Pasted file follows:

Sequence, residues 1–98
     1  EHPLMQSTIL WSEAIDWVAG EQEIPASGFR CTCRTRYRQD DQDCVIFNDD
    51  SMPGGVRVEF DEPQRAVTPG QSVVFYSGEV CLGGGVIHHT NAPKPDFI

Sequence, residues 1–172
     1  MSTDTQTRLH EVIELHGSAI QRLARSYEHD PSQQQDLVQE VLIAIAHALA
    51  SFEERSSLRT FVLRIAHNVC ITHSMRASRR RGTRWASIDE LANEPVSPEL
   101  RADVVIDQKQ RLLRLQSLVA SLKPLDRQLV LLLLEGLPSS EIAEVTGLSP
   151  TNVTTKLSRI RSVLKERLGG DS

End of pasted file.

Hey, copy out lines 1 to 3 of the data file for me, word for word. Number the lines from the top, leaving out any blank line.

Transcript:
Sequence, residues 1–98
     1  EHPLMQSTIL WSEAIDWVAG EQEIPASGFR CTCRTRYRQD DQDCVIFNDD
    51  SMPGGVRVEF DEPQRAVTPG QSVVFYSGEV CLGGGVIHHT NAPKPDFI